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Advanced Strategy Game Guide for Go! Go! Go!


by feline_stars

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Okay, so you know the rules and purpose of the game, Go! Go! Go!, but you can’t get one of those shiny trophies because one of your opponents always beats you before you can get rid of all of your cards! Well, this is the perfect strategy guide aimed to help you beat those smelly Tyrannian pets!

I first started playing this game because I wanted another trophy to add to my collection and I heard that this was supposed to be a easy game. Before I knew it, I was playing the game three hours a day, and still not able to get a trophy. But while I was busy losing, I took notes on some strategies, which I thought are VERY help for future Go! Go! Go! players. So here it is. Enjoy!

First things first: when you start the game, look at your face up cards.

If they’re filled with low cards like 2, 4, 5, then start the game over. Otherwise you might have to pick up the pile at least two or three times before even starting on your face down cards, lowering your possibility of winning that round.

Keep high cards in your hand when there are cards in the draw pile.

Say you have more than two Aces in your hand, along with a Two. Put down only ONE of those Aces because you’ll most likely draw a card smaller than that. This way, you’re lowering the possibility of having to take the stack once there is no draw pile.

Try to get rid of the cards in your hand as quickly as possible once the draw pile is empty.

Obviously, you should play smallest to highest card unless it’s a Two, which you should put down as your last priority since it can beat any card except for three. This is because if you have only small cards left in your hand, say a Three, you can only put that down if the player before you either picks up the pile or puts down a two. Small cards are VERY hard to get rid of so you should put them down ASAP! Also, if you have the choice, put down more than one card at once, even if it’s an Ace. This will allow you to start playing your face-up and face-down cards sooner.

HOWEVER, if you have a ten in your hand, play that last if you can, without picking up the stack of cards. Playing a Ten clears the pile and lets you go again. This way you can put down one of the small face-up cards, or a face-down card without needing to worry about getting more cards in your hand. There’s the possibility that the player before you has a card higher than Ten, but it’s a worthy risk!

Keep track of what others have in their hands.

If you remember what some of your opponents have in their hands, then you’ll know what to play to make them pick up the stack! You don’t know each and every one of their cards, but knowing if their highest card, whether or not they have any even or odd cards will help a lot. If the player who goes after you has no even cards, play a Four if you have one. If he doesn’t have any odd cards, then play a Three.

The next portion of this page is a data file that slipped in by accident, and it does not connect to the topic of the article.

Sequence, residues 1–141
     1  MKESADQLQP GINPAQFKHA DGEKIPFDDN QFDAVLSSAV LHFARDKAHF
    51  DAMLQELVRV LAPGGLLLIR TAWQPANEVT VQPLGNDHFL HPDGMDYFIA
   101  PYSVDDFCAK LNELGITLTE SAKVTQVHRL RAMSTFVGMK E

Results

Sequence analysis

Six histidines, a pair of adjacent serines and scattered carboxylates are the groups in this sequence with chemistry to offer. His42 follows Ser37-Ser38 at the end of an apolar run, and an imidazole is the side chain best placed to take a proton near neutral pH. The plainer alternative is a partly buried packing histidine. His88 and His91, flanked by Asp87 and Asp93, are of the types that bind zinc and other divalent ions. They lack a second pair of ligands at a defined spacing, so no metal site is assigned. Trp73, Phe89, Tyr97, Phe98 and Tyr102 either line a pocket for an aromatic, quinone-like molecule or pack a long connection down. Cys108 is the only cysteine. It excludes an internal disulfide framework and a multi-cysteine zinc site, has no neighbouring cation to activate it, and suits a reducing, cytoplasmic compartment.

Your opponents will not stop each other from winning.

Let’s say that you’re on your first round and Tekeli-Li has only one face down card left before he wins. The player before him, Myncha, will NOT put down a high card, like an Ace, just to lower his chances of winning. (If he puts down an Ace, Tekeli-Li MUST play a Two in order to win, chances of which are very small.)

Forcing others to pick up cards.

Using the example above, it is up to you to prevent Tekeli-Li from winning. In this case, it would be wise to play a small card, a Four, for example. Then Bacheek will play the smallest card he has that’s larger than a Four, let’s say Nine. Myncha will do the same thing, so say he puts down a Queen. That play will decrease Tekeli-Li’s possibility of winning, because he can ONLY play a King or an Ace. Otherwise, he’d have to pick up the stack, which is good news for you!

Next, know when to forfeit.

Say that there are at least 6 cards in the draw pile when you picked up a pile of 10 cards. There is NO need to forfeit in this case because you don’t draw any cards while you have more than 3 in your hand while your opponents (the ones who have less than 3 cards in their hands) do. However, if you picked up at least 8 cards when there are no more draw cards and one of your opponents has already finished his hand, you may want to consider forfeiting.

Also, if you are shooting to get the trophy (which I know most of you are!), forfeit once one of your opponents wins because you can ONLY move on to the next round if you win first. This way you can start on your next game earlier and maybe even win earlier! I know that some of you are one of those “I will never give up!” kind of people. But just because you forfeit one round of the game doesn’t mean you’re giving up. You can start over and beat them!

Last but not least,

Don’t ever, ever give up. It took me FOURTEEN tries to win my first round and NINE tries to win my second. I lost a lot, but as they say, you learn more from losing than you do from winning! (not that you shouldn’t win). If you’re tired, try again the next day. Before you know it, you’ll have a shiny Go! Go! Go! trophy just like everyone else. After all, you only need to beat the second round of the game to get a bronze trophy. Good luck!

 
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